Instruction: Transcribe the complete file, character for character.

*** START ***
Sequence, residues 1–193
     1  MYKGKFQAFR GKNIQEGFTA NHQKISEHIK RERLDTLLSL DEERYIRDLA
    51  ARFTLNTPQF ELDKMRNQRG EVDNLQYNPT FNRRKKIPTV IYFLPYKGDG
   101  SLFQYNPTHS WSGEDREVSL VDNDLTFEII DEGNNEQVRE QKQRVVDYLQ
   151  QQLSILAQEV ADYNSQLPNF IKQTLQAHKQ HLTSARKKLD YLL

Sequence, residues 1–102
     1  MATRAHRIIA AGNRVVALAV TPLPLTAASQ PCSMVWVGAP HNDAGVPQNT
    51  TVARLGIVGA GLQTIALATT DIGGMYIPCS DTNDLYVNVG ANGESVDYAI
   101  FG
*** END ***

Sequence, residues 1–193
     1  MYKGKFQAFR GKNIQEGFTA NHQKISEHIK RERLDTLLSL DEERYIRDLA
    51  ARFTLNTPQF ELDKMRNQRG EVDNLQYNPT FNRRKKIPTV IYFLPYKGDG
   101  SLFQYNPTHS WSGEDREVSL VDNDLTFEII DEGNNEQVRE QKQRVVDYLQ
   151  QQLSILAQEV ADYNSQLPNF IKQTLQAHKQ HLTSARKKLD YLL

Sequence, residues 1–102
     1  MATRAHRIIA AGNRVVALAV TPLPLTAASQ PCSMVWVGAP HNDAGVPQNT
    51  TVARLGIVGA GLQTIALATT DIGGMYIPCS DTNDLYVNVG ANGESVDYAI
   101  FG